After careful consideration, we've decided to postpone our Burundi Journey to next summer. With growing excitement we can see that this decision will give us the
time we need to "get it right," especially concerning the water
project which needs much deeper study. By taking a step back from
the pressure of deadlines and fundraising limitations, we'll have a
chance to better understand what it is that the neighborhood of
Carama needs from us, and we'll be more fully able to provide it.
We are exploring a pre-journey scouting trip with several
delegates this summer, from the designated Water Team
(see below) and a Town Hall Team, to investigate and lay the
proper groundwork for an extraordinary journey in 2009.
This is good news for us, but do you
know the best news? If you've been interested in going to Burundi
but didn't feel as though you had enough time for fundraising and
preparation, you have another chance to join the 2009 delegation!
To find out more, please don't
hesitate to contact us via email or phone, and feel free to join us
at the next orientation session on Monday, May 12th, from 5:15 to 7:00.
We'd love to see you there!
Global Citizen Journey
|Sweet Crude Team Returns to the U.S.
We are thankful to report that the four American Sweet Crude filmmakers have been safely returned to the U.S. after being detained by the Nigerian military while traveling in the Niger Delta. Joel Bisina, founder of GCJ partner Niger Delta Professionals for Development, has returned to his home in Warri, and should be coming to the U.S. in early May.
Director Sandy Cioffi, producer
Tammi Sims and photojournalists Sean Porter and Cliff Worsham were in Nigeria
to finish the documentary Sweet Crude, about the effects of oil production on
the people and environment of the Niger Delta.
Thank you to everyone who helped secure their release by spreading the word, and to the U.S. lawmakers who worked for mutual understanding with the Nigerian government.
GCJ in the News! Word about Global
Citizen Journey's work is spreading! Check out what the Bellingham Herald and
the Ballard News-Tribune
have to say.
AGRA Watch: Global
Citizen Journey is helping to gather a number of individuals and organizations
around shared concerns regarding the Alliance for a Green Revolution in Africa
(AGRA)-the Bill and Melinda Gates Foundation and Rockefeller Foundation
initiative now chaired by former United Nations Secretary General Kofi Annan.
Given our commitment to being fully engaged citizens and the presence of this
major Foundation in our backyard, we feel called to pay close attention to what
is happening from the perspective of what will serve our brothers and sisters
in Africa and our planet. GCJ seeks to spur integration of the learning from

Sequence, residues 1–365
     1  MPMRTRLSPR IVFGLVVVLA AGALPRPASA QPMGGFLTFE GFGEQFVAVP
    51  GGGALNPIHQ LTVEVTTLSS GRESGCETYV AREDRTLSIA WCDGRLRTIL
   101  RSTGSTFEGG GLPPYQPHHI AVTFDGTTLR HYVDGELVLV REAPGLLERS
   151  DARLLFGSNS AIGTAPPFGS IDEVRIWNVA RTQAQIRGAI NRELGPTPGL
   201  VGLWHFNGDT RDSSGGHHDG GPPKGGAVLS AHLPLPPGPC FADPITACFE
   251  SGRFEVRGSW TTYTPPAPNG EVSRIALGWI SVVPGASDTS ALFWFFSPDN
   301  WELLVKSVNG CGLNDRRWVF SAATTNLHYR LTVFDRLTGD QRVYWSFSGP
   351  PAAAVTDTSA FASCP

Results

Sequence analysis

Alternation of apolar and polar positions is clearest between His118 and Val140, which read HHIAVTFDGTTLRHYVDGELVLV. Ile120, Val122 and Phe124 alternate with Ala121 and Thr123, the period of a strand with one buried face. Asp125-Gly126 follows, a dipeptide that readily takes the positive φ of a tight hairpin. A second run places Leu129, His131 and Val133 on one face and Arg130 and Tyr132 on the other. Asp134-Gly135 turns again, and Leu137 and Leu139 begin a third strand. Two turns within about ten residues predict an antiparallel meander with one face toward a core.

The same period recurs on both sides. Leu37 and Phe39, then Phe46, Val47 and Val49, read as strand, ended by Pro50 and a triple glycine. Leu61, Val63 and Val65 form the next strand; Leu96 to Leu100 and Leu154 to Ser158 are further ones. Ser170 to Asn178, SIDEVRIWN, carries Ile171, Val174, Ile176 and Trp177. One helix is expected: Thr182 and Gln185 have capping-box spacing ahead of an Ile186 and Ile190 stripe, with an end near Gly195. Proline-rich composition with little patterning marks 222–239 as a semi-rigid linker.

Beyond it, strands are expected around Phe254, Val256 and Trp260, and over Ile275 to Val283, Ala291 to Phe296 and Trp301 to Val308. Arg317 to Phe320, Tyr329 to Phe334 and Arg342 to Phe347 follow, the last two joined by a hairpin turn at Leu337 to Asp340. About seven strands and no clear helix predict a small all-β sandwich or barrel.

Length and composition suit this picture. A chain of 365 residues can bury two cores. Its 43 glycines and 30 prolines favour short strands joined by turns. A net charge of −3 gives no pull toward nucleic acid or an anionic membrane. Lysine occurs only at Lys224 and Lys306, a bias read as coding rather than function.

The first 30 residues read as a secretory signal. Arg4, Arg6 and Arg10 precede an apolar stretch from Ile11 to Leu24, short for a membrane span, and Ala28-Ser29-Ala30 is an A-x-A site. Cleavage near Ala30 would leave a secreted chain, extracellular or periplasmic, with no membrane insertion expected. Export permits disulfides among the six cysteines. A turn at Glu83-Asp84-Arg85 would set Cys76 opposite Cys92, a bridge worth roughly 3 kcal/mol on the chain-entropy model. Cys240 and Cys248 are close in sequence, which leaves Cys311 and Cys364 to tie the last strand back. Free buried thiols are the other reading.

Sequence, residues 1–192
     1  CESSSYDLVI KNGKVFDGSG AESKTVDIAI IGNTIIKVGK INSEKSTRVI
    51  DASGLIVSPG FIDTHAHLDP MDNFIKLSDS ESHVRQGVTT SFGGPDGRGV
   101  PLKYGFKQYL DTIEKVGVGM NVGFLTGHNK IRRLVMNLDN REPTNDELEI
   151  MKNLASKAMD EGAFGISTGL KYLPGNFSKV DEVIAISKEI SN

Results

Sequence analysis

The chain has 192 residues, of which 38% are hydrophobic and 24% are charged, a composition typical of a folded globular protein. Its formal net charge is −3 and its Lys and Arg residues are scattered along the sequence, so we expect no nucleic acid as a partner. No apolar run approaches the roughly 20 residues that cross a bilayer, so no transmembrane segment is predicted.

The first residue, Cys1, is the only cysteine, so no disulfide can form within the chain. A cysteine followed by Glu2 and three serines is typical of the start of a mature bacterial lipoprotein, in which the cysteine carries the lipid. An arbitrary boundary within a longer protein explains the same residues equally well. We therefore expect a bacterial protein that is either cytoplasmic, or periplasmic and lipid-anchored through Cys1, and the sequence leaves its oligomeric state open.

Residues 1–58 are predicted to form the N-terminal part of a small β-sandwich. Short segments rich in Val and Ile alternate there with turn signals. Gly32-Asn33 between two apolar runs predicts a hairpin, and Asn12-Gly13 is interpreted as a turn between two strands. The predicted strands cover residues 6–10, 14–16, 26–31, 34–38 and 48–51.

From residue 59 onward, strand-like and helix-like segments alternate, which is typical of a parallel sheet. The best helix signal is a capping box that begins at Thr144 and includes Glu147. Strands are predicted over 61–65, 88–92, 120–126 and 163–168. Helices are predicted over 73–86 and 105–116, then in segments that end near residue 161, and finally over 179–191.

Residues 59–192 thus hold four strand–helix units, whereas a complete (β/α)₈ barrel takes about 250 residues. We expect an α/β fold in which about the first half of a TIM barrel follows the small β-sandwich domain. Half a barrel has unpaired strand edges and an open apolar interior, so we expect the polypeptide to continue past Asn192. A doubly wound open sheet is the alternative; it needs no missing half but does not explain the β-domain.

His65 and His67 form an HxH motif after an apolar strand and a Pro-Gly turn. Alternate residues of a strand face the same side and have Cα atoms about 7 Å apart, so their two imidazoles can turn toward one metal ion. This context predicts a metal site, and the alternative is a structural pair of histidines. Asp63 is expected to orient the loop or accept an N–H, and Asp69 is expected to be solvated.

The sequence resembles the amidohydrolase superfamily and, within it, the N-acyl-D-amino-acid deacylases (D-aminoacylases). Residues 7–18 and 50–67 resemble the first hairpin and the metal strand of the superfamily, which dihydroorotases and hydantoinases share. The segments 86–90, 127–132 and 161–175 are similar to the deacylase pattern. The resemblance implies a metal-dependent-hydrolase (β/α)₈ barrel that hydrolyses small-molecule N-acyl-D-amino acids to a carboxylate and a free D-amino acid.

the failures of the first so called Green Revolution - now reflected in the
tragic suicides of farmers in India and the industrialization of food
production in the US. Our first objective is education of ourselves and the
public around AGRA. We will seek ways to engage in dialogue with the
Gates Foundation to exchange visions and concerns as well as to call for them
to be transparent and accountable to the public --including in Africa-- around
their policies, alliances, and priorities. We will seek direction from African
small farmers regarding AGRA . Also, we aim to utilize this issue as a
opportunity to network with all Puget Sound area groups dealing with Africa and
international concerns, especially around agriculture and food security.
You are welcomed to join this group: sign up for the
agraconcern list at https//:lists.riseup.net and you will receive notification
of meetings and additional resources to read.
We have posted a number of key resources and background
reading around this issue on our website.
|Update on Carama Water Project
Water Team reports their findings
In preparation for our Burundi journey,
a dedicated Water Team has been created for the purpose of
investigating great options for bringing water to Carama, and to
gather, sort and process the huge amount of information on the
subject. Last week Brock, Wes, Deborah and Prosper consulted with
Llyn, a hydrologist who works with Engineers Without Borders. They determined that a complete water
and sanitation plan is something that the village needs and GCJ would
like to make that an explicit goal of our journey. Prosper will
work with the Carama village to establish a Water & Sanitation
Team when gets back later month, and together we will identify a
series of phases for this larger project and identify the first high
priority components that we can focus on within the resources we can
raise. Several of our US Water Team members hope to go to
Carama this summer to investigate and coordinate more fully so that we can be ready with a clear plan of action and wise priorities for summer
With another full year to study the project, we are committed to doing our research. We have learned that the water table in the area is very high, which has helped us focus on a few different solutions, such as digging a well (with the high water table, manual digging may be sufficient) or pulling and filtering water from a nearby river. We are preparing a comparison of solar, diesel, manual and filtering approaches with a goal to include all start-up costs and maintenance costs, as well as making sure that the project is as green as possible.